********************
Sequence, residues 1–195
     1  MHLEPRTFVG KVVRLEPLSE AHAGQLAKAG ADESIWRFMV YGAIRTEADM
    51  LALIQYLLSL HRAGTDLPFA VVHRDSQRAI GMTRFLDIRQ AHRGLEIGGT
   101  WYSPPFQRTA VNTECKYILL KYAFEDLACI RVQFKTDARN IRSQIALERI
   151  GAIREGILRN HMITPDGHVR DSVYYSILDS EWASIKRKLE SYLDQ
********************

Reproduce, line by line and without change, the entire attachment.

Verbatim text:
Sequence, residues 1–195
     1  MHLEPRTFVG KVVRLEPLSE AHAGQLAKAG ADESIWRFMV YGAIRTEADM
    51  LALIQYLLSL HRAGTDLPFA VVHRDSQRAI GMTRFLDIRQ AHRGLEIGGT
   101  WYSPPFQRTA VNTECKYILL KYAFEDLACI RVQFKTDARN IRSQIALERI
   151  GAIREGILRN HMITPDGHVR DSVYYSILDS EWASIKRKLE SYLDQ